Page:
Imagine you are buying your first house. Your mortgage broker presents you with a couple of interesting deals, but one, in particular, is as shocking as it is satisfying. What is that deal? It is what the industry calls a cashback mortgage. It is a mortgage that might seem too good to be true.
A cashback mortgage works a lot like a cashback offer from a car dealer. If you agree to take a mortgage from the lender making the offer, you will receive a certain amount of cash at closing. These kinds of mortgages are quite popular in the UK, the US, and many other countries.
The question to ask yourself is whether or not a cashback mortgage is really a good deal. There is a lot to think about, so don’t just rush and take a deal because you want a little spending money to buy yourself a few housewarming gifts.
How Cashback Mortgages Work
The first and most important thing to understand about a cashback mortgage is that the lender is not giving you free money. They are not gifting you with cash because they feel like being nice. You might take the cash now, but you will pay it back over the life of your mortgage. More importantly, you will pay it back at the same interest rate that applies to the principal.
A cashback mortgage is pretty simple to understand. The lender offers you a certain amount of cash in exchange for obtaining your mortgage through them. Let’s say £1,000 for the sake of this discussion. You will get that money from the bank or your solicitor once you close on the house.
If you were to do all of the mathematical calculations, you would discover that the £1,000 has been added to the amount you borrowed. So your cashback is more or less a personal loan tacked on top of your mortgage. This does not necessarily make cashback mortgages a bad thing. They are neither good nor bad in and of themselves. You have to weigh the pros and cons to figure out if a cashback mortgage is right for you.
Now let us move on to talking about some of the considerations. As you continue through this post, you might want to think about some further reading on cashback mortgage deals. There is plenty of information online. If you are working with a broker, do not be afraid to ask him or her for more information.
Consider the Interest Rate
Interest is the single biggest cost of borrowing. That’s why it is such a crucial factor when your mortgage broker shops around for deals on your behalf. When it comes to cashback mortgages, they are often put on the table with slightly higher interest rates. This is something you have to think about.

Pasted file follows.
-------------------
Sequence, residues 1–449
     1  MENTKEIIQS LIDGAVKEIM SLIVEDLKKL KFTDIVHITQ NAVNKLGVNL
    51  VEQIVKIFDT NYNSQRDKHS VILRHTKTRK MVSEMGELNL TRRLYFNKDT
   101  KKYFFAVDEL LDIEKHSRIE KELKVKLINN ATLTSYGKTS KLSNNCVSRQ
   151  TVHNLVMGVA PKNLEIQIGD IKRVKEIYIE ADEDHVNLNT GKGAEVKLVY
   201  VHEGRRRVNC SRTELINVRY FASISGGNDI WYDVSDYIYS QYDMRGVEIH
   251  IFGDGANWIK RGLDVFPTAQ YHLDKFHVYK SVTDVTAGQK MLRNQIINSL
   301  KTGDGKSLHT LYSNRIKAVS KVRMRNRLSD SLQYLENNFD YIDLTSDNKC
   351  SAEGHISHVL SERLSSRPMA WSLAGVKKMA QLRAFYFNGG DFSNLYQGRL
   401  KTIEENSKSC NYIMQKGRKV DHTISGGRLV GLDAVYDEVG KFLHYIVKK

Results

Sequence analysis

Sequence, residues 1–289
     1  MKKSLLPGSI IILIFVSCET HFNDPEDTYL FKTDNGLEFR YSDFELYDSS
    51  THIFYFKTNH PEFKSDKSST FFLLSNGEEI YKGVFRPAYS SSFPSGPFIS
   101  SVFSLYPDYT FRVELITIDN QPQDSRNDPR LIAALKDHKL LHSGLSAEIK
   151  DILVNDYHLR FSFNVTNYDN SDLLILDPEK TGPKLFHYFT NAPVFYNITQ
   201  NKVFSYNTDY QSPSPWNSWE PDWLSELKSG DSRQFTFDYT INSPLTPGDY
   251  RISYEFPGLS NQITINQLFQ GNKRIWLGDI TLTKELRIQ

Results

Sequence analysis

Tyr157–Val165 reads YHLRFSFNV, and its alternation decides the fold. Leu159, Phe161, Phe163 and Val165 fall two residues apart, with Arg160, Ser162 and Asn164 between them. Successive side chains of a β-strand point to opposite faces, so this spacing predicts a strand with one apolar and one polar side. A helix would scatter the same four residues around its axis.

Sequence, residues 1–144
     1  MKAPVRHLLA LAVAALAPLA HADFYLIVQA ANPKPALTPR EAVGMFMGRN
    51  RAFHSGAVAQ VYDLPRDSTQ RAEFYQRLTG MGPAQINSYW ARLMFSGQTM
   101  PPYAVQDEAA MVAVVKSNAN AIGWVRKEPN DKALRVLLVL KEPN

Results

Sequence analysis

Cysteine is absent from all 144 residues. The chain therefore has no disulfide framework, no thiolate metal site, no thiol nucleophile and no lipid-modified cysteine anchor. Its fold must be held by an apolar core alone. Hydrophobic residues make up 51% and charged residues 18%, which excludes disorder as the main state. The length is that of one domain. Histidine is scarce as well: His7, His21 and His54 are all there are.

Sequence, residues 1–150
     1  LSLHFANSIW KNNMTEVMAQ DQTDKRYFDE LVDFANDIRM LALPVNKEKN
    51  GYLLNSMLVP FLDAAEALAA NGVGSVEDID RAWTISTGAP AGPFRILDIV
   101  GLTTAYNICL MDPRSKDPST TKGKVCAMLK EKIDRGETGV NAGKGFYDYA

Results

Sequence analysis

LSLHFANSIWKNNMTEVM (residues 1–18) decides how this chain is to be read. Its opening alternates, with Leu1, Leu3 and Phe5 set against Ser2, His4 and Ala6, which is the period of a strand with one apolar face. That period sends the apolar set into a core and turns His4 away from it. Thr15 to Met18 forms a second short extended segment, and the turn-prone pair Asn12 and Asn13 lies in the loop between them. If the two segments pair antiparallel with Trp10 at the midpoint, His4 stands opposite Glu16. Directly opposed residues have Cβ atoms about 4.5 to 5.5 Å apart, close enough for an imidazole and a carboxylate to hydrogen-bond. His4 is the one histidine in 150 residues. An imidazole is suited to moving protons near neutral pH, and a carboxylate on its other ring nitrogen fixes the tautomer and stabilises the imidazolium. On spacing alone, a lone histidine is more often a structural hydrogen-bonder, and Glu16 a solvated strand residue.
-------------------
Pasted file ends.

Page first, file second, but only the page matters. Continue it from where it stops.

The difference could be as little as one quarter of one percentage point. For example, let’s say you have the choice between a cashback mortgage at 2.5% and a standard mortgage at 2.25%. The difference will not translate into much as far as your monthly payments are concerned, but interest adds up over time.
Run the numbers and it might turn out that the cashback mortgage costs you less than £10 more per month. Then calculate the interest over the life of the mortgage. You are likely to see that you will save thousands by taking the standard deal. Now you have to ask yourself whether getting some extra cash is worth paying more interest.
Other Things to Consider
Interest is an important thing when you are looking at cashback mortgages. But it is not the only thing. There are other things that might influence your decision:
- Your Cash Position– You might legitimately need some extra cash at closing to cover for the fact that you have drained your bank account to buy the house. Receiving cash at closing might be a necessity just to keep you afloat until your next pay cheque.
- Uses for the Cash– You need to consider what you would use the cash for. There may be a legitimate expense you feel warrants the extra cost of a cashback mortgage. That’s fine, just as long as you understand the implications.
- Immediate Need– Finally, even if you decide you need the cash from the cashback mortgage, do you really need it right away? If you don’t, you could take the standard mortgage and put the difference in payments into a savings account.
Cashback mortgages are yet another option that lenders offer in order to differentiate themselves from the competition. They are neither good nor bad in and of themselves. Like everything else in the financial services sector, every cashback mortgage has to be considered on its own merits. A cashback mortgage may very well be your best option. But it might not be. You and your broker will have to decide that together.